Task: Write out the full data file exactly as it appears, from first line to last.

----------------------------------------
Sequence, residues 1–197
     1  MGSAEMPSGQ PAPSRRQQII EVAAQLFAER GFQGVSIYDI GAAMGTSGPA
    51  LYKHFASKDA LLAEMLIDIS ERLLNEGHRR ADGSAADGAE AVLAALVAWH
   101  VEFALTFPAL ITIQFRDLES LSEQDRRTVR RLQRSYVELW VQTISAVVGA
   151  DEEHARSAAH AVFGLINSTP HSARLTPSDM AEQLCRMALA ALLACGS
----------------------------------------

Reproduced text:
Sequence, residues 1–197
     1  MGSAEMPSGQ PAPSRRQQII EVAAQLFAER GFQGVSIYDI GAAMGTSGPA
    51  LYKHFASKDA LLAEMLIDIS ERLLNEGHRR ADGSAADGAE AVLAALVAWH
   101  VEFALTFPAL ITIQFRDLES LSEQDRRTVR RLQRSYVELW VQTISAVVGA
   151  DEEHARSAAH AVFGLINSTP HSARLTPSDM AEQLCRMALA ALLACGS